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Main Article: Mimic Terrors
The Monstrous Hundred continues with the 90s, a turning point in effects-making with the advent of CGI.
Kicking off the 90s roster of creature features on a fabulous note, Tremors is one of the most brilliant, all-around engaging monster movies of all time. From the witty dialogue penned by S.S. Wilson and Brent Maddock, to the colourful performances of the cast, to the absolutely brilliant creature designs and effects by none other than the team at Amalgamated Dynamics in their first solo outing, Tremors never once gets boring. A real classic.
On the 4th of January, I received a mail from TyRuben Ellingson, the main creature designer for Guillermo del Toro’s Mimic. He showed to me two concept art pieces he had drawn for the project back in 1996; with further correspondence he not only allowed me to publish them here, but also gave me other drawings.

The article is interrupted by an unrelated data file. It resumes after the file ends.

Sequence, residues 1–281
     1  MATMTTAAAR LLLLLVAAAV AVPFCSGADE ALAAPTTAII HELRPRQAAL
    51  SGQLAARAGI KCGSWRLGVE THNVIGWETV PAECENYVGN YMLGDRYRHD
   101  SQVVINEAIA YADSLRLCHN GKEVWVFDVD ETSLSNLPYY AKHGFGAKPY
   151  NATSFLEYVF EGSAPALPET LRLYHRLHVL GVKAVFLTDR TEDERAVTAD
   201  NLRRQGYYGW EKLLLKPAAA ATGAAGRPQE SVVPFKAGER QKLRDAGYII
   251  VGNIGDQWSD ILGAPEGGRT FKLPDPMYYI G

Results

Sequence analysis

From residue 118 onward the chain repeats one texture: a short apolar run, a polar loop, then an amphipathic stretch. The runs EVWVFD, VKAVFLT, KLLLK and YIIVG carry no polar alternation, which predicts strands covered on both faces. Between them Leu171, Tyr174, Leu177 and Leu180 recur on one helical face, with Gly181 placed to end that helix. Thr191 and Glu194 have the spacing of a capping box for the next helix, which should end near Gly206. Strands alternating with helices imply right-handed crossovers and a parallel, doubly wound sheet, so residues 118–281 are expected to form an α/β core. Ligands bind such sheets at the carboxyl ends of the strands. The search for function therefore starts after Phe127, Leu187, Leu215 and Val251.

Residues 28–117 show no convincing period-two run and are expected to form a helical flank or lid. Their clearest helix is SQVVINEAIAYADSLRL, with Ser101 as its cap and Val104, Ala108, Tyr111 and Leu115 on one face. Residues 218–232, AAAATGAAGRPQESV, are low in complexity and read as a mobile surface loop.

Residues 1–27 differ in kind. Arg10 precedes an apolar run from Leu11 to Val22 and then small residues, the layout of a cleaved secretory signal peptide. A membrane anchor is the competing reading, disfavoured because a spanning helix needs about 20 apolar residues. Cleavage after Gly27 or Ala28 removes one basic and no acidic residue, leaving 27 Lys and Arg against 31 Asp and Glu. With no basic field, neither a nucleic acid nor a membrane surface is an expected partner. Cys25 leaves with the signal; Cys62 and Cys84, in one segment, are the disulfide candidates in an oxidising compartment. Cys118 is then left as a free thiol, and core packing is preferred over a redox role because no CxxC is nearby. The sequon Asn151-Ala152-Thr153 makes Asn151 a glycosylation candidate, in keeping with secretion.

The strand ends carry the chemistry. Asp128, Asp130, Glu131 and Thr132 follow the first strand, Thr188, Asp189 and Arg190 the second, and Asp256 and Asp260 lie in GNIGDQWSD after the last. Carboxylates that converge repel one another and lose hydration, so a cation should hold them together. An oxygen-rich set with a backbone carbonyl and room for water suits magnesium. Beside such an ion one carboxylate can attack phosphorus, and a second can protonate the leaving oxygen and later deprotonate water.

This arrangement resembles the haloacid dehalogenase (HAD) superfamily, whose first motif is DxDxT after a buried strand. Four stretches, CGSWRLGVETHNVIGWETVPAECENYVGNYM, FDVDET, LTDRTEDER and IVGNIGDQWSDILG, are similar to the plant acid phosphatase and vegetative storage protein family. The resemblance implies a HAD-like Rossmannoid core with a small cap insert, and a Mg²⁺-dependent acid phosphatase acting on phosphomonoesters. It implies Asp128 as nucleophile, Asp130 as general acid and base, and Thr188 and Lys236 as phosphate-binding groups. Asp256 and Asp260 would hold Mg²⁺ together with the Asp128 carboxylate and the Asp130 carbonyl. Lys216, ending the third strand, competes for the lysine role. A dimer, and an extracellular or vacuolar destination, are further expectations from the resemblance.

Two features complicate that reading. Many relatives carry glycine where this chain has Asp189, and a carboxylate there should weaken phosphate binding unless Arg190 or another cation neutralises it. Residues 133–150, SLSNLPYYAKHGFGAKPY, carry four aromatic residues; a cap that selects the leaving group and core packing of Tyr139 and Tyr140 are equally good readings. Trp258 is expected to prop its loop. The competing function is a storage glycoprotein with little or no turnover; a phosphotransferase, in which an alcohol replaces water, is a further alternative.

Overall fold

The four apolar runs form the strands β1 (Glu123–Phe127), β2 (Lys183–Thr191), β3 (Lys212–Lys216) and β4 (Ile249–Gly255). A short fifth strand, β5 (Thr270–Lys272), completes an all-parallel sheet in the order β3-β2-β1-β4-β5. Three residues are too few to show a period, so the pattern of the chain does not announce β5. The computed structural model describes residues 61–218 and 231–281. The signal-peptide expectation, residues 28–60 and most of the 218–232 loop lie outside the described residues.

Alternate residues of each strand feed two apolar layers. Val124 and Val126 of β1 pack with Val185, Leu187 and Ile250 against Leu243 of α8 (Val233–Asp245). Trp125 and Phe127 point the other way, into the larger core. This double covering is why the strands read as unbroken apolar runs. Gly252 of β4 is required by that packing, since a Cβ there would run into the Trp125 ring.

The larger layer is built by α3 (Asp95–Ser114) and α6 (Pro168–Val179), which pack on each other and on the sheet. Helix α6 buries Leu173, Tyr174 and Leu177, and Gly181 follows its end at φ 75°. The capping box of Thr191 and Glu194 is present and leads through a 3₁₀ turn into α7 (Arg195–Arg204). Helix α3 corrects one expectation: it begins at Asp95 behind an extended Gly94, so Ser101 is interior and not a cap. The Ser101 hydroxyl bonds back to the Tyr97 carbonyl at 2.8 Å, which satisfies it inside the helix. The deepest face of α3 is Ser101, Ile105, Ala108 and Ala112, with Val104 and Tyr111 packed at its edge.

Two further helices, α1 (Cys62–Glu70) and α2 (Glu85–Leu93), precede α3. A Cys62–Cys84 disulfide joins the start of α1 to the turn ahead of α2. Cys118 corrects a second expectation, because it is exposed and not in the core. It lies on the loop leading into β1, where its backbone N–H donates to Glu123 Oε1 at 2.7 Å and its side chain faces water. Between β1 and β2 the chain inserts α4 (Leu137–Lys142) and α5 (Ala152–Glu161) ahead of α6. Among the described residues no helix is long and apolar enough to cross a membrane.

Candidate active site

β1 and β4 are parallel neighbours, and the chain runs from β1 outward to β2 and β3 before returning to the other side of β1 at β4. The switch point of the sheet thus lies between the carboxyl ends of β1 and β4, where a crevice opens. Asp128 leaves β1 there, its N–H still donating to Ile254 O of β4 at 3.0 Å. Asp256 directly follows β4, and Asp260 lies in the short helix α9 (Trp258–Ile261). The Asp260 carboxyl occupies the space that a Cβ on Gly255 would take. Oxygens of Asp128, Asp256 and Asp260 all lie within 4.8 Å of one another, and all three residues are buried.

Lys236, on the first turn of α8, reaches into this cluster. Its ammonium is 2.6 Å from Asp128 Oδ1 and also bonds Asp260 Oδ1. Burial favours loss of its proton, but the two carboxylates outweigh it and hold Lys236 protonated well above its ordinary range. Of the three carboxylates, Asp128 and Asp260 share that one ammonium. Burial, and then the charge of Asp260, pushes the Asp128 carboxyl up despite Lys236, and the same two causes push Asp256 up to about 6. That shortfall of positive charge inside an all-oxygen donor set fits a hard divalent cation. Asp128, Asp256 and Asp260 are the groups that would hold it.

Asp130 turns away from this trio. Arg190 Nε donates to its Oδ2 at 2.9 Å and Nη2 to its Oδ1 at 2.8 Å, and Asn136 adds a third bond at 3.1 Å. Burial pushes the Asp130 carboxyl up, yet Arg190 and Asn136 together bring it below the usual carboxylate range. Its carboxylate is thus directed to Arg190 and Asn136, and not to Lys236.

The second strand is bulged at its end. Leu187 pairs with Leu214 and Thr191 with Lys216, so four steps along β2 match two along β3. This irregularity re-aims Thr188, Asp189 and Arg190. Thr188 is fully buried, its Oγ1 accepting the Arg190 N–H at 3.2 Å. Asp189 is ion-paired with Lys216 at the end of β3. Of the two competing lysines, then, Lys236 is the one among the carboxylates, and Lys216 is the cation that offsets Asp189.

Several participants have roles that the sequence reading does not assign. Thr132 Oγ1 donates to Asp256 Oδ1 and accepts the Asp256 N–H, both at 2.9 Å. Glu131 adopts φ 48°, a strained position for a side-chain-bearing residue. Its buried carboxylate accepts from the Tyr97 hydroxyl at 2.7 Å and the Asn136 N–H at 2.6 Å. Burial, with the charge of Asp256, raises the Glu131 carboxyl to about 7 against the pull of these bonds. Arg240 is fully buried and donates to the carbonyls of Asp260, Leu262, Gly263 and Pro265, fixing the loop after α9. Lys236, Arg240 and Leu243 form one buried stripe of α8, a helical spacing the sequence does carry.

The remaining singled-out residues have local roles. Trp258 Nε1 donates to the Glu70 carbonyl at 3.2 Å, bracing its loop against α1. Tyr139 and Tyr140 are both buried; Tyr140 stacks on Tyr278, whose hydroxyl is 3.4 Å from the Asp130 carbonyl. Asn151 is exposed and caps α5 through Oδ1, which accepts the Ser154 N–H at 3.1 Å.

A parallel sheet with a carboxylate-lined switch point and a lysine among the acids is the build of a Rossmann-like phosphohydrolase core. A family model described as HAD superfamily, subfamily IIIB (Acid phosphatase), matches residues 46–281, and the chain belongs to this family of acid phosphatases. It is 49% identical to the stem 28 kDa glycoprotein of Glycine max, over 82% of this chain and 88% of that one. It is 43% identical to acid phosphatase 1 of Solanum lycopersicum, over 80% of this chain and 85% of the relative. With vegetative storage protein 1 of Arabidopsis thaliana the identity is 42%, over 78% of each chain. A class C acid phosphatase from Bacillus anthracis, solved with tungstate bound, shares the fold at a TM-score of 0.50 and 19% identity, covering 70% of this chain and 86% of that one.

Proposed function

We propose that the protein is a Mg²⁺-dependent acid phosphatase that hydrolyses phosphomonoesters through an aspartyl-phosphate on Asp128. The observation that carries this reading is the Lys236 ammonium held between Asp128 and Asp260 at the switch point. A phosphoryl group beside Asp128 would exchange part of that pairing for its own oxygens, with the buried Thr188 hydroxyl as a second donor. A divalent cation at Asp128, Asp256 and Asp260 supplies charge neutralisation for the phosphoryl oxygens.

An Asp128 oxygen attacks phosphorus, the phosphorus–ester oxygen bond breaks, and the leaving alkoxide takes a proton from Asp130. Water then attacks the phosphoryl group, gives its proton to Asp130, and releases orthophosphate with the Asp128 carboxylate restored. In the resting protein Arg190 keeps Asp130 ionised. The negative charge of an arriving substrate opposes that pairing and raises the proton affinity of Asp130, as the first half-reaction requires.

The two pieces below are side view studies, already close to the final incarnation of the ‘Long John’ Mimic design; they show how the creatures’ peculiar ‘mask-claws’ function and how the Mimics’ appearance changes when they are in ‘masked’ and ‘unmasked’ positions. Notice that the ‘mask-claws’ here were successively changed for the adult monsters. The juveniles mantain the earlier design due to the fact that when the decision was made, the practical models for the character were already built and ready for filming.
“Nature is a strange thing, I learned. You learn that very clearly when you work in a museum. You realize how nature uses the art of camouflage.”
-Donald A. Wollheim, Mimic
The original Mimic short story, written by Donald A. Wollheim and first published in 1942, was widely different in both plotline and tone to Guillermo Del Toro’s film adaptation. In it, the narrator recalls a grotesque and mysterious ‘man in a black coat’ in his neighbourhood. When this figure is found dead in its apartment, it is revealed to be a gigantic insect, evolved to camouflage itself among humans — mimicking their appearance.